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An Insight into the proteome of Crithidia fasciculata choanomastigotes as a comparative approach to axenic growth, peanut lectin agglutination and differentiation of Leishmania spp. promastigotes.

Alcolea PJ, Alonso A, García-Tabares F, Toraño A, Larraga V - PLoS ONE (2014)

Bottom Line: A ground-breaking analysis of differential protein abundance in Crithidia fasciculata is reported herein.The comparison of the outcome with previous gene expression profiling studies developed in the related human pathogens of the genus Leishmania has revealed substantial differences between the motile stages of these closely related organisms in abundance of proteins involved in catabolism, redox homeostasis, intracellular signalling, and gene expression regulation.The result is that choanomastigotes are able to agglutinate with peanut lectin and a non-agglutinating subpopulation can be also isolated.

View Article: PubMed Central - PubMed

Affiliation: Department of Molecular Microbiology and Biology of Infections and Service of Proteomics and Genomics, Centro de Investigaciones Biológicas (Consejo Superior de Investigaciones Científicas), Madrid, Spain.

ABSTRACT
The life cycle of the trypanosomatid Crithidia fasciculata is monogenetic, as the unique hosts of these parasites are different species of culicids. The comparison of these non-pathogenic microorganisms evolutionary close to other species of trypanosomatids that develop digenetic life cycles and cause chronic severe sickness to millions of people worldwide is of outstanding interest. A ground-breaking analysis of differential protein abundance in Crithidia fasciculata is reported herein. The comparison of the outcome with previous gene expression profiling studies developed in the related human pathogens of the genus Leishmania has revealed substantial differences between the motile stages of these closely related organisms in abundance of proteins involved in catabolism, redox homeostasis, intracellular signalling, and gene expression regulation. As L. major and L. infantum agglutinate with peanut lectin and non-agglutinating parasites are more infective, the agglutination properties were evaluated in C. fasciculata. The result is that choanomastigotes are able to agglutinate with peanut lectin and a non-agglutinating subpopulation can be also isolated. As a difference with L. infantum, the non-agglutinating subpopulation over-expresses the whole machinery for maintenance of redox homeostasis and the translation factors eIF5a, EF1α and EF2, what suggests a relationship between the lack of agglutination and a differentiation process.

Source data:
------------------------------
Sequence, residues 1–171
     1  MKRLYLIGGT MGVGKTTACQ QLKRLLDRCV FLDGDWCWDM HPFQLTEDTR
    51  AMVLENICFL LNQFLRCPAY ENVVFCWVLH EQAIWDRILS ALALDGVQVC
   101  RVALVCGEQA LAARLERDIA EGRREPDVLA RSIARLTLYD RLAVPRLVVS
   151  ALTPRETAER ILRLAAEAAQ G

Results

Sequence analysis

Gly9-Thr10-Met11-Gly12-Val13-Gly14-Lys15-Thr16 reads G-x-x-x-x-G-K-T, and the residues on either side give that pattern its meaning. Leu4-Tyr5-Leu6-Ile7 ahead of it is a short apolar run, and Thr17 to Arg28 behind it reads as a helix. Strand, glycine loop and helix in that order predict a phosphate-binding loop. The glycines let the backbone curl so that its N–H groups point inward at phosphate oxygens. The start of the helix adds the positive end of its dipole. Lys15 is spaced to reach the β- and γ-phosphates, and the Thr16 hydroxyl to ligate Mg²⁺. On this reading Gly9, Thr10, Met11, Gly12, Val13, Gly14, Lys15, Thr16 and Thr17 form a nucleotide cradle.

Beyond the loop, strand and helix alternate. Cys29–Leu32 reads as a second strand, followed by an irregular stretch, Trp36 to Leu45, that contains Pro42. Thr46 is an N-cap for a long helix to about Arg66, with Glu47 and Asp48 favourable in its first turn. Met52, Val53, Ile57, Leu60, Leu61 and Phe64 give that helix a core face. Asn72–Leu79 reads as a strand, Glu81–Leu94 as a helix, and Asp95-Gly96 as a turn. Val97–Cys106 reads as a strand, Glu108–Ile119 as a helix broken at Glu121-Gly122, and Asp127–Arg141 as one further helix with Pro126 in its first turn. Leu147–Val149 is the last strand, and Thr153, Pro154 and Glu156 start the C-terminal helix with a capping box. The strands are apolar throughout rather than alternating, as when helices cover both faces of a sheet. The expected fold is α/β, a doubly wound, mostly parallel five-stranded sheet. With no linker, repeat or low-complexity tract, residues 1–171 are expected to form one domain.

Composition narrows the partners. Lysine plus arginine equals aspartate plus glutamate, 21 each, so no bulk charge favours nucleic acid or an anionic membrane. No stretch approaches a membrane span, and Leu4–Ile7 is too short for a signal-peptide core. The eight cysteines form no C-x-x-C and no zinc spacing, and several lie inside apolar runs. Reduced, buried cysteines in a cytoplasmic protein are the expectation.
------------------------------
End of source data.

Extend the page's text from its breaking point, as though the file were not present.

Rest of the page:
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Related in: MedlinePlus

Differentially expressed proteins related with carbohydrate metabolic processes in C. fasciculata choanomastigotes.Functional connection of differentially expressed enzymes involved in glucid metabolic processes. Legend: proteins/protein variants in blue are constitutively expressed throughout the growth curve; proteins/protein variants in orange are up-regulated at day 1 or 2 (logarithmic phase); proteins/variants in green are up-regulated at day 3 or 4 (late logarithmic/stationary phase); proteins in red are up-regulated in PNA+ choanomastigotes; proteins in purple are up-regulated in PNA- choanomastigotes.
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pone-0113837-g003: Differentially expressed proteins related with carbohydrate metabolic processes in C. fasciculata choanomastigotes.Functional connection of differentially expressed enzymes involved in glucid metabolic processes. Legend: proteins/protein variants in blue are constitutively expressed throughout the growth curve; proteins/protein variants in orange are up-regulated at day 1 or 2 (logarithmic phase); proteins/variants in green are up-regulated at day 3 or 4 (late logarithmic/stationary phase); proteins in red are up-regulated in PNA+ choanomastigotes; proteins in purple are up-regulated in PNA- choanomastigotes.